A group of boys at Jonathan Grant High School in Spanish Town, St Catherine, has provided a home and relief supplies to their classmate who is among persons displaced by a house fire at Nugent Street in Spanish Town on Tuesday, November 12.
The family claimed that the house was burnt to the ground by ghosts, who had taken up residence at the premises – even writing a note threatening to set the place on fire.
One of the 11 people displaced is 14-year-old Omar Lindo, who lost everything except the things he had at school during the blaze. He said he went home on Tuesday evening to find the house destroyed.
When Omar returned to school the following day, he delivered the bad news to his Grade Nine classmates. Six of them swung into action, seeking donations for their friend.
Lead coordinator of the fundraising effort, Paris Francis, told The Beacon: “We are gathering funds and supplies that Omar might need to help him during his struggle at this moment. For instance, we are collecting food, clothing, soap – things he will need.”
He further explained how he, along with other classmates, was moved by Omar’s plight.
“Omar came to school on Wednesday morning crying, and he said to one of the group members that his house was burnt down. Straight away, we started collecting funds and writing down some items he might need, and then we get at it,” the lead coordinator said.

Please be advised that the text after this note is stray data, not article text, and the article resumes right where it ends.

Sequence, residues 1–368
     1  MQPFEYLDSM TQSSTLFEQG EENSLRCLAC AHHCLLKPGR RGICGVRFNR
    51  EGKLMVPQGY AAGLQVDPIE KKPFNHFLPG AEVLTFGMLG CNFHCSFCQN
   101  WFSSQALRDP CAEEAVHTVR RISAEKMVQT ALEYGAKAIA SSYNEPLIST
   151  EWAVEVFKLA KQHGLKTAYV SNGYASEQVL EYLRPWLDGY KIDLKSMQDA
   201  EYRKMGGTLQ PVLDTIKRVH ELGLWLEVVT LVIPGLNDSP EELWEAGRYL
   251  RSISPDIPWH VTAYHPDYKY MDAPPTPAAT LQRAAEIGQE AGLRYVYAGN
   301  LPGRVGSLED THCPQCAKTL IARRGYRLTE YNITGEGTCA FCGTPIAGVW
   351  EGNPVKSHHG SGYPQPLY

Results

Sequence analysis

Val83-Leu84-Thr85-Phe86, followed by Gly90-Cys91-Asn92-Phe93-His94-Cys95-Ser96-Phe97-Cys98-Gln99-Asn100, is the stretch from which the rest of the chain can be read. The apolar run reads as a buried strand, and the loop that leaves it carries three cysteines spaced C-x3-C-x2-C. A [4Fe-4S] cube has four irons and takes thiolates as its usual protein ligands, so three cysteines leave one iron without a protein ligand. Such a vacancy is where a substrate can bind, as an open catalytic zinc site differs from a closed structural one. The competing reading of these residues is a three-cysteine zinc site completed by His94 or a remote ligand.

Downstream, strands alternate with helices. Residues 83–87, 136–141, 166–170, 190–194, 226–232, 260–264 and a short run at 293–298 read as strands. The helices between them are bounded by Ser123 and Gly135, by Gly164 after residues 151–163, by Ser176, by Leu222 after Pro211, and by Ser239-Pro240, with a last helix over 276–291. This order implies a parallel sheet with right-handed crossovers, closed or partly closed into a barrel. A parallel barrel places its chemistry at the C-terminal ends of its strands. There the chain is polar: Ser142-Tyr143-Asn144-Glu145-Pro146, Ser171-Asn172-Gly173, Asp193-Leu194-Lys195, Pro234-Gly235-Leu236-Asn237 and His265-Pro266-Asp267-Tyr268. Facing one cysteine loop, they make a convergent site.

The school population has responded positively.
“Almost everybody in our class gave as much as they can. As small as it is, we accept it,” the lead coordinator said.
Another of the coordinators, Javin Jameson, is sharing his home with his displaced classmate.
“It feels good to be able to help because, if I was in his position, I would need people to help me too,” he told The Beacon, noting that his parents are also happy to help.
Principal at Jonathan Grant High, Dr. O’neil Ankle, is proud of his boys.
“This is the kind of thing I am expecting from my students, and what is interesting is that they are all boys. The effort by these boys tells me that there is hope for this country; there is hope for this world,” the principal posited.
He further reasoned: “If a set of boys can go out of their way to at least start an initiative for another classmate, it speaks volume to what we can achieve as a country.”
The principal also noted that, a few days prior to the fire, he had a riveting discussion with the boys about their role in society.
According to the coordinating students, they were motivated by the discussion their principal had with them.
Omar, in the meantime, said he is highly appreciative of his classmates’ effort.
Asked if he would assist a student displaced by a blaze, the fire victim quipped: “Yes sir, of course I would help.”
Members of the public can help Omar through Jonathan Grant High School by calling 876-812-1431.
By Horace Mills, Journalist
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